LL Building MaterialsHeightening Efficiency to Help a Client Increase Revenue

Building-Materials2

By definition, mergers and acquisitions are instruments of uncommon change that can test the resolve of any organization. However, when companies embrace these periods of transition, challenges can be transformed into opportunities—and employees at every level can take pride in co-creating a work environment that fosters bottom-line profitability and frontline job satisfaction.

Tremendous Growth, Tremendous Potential

When GAF Materials Corporation, the largest roofing manufacturer in the United States, purchased LL Building Products, it was no mere coincidence. LL is a manufacturer of ventilation systems and HVAC materials—products sold in tandem with roofing supplies— making this new subsidiary a natural complement to GAF‟s business.

GAF leaders knew going into the acquisition that LL was not operating at its full potential. As a primary supplier to Home Depot, LL had grown quickly to keep pace with the home improvement giant‟s expanding operations. Unfortunately, this rapid growth also magnified the shortcomings of LL‟s management infrastructure, resulting in communication breakdowns, widespread inefficiencies, and poor employee morale. GAF management had successfully worked with DeWolff, Boberg & Associates (DB&A) in the past, and were confident that DB&A could help LL evolve its culture to enhance the bottom line.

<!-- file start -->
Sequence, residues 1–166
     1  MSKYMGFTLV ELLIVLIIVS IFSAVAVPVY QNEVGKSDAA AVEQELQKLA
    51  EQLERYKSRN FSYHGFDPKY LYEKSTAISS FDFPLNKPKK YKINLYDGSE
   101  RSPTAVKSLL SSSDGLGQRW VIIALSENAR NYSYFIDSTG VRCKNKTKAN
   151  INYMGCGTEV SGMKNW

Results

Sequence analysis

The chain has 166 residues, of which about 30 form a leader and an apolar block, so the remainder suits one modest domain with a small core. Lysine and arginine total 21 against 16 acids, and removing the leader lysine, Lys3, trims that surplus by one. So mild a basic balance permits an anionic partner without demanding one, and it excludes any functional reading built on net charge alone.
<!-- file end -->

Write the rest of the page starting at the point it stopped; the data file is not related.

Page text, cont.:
Creating a Culture of Communication

The engagement began with a two-week Opportunity Analysis. DB&A consultants worked closely with the LL team to observe existing processes, equipment, materials, people, cycle times, and inventory levels, as well as intangibles such as business culture, organizational strengths, service, and quality shortfalls. Along the way, they identified opportunities for improvement and pinpointed the issues that were keeping LL from achieving greater results. And for LL, one of the key issues was communication.

Poor and inconsistent communication flow from the manufacturing floor to management meant that information was not being reliably relayed, making it difficult for managers to plan effectively and react appropriately. Due to insufficient data, there was inadequate understanding of the true capacities of the production lines. This meant that daily production quantities were not based on the most accurate numbers. Additionally, there was no system in place for employees to proactively identify and correct the issues associated with the loss of production on the floor.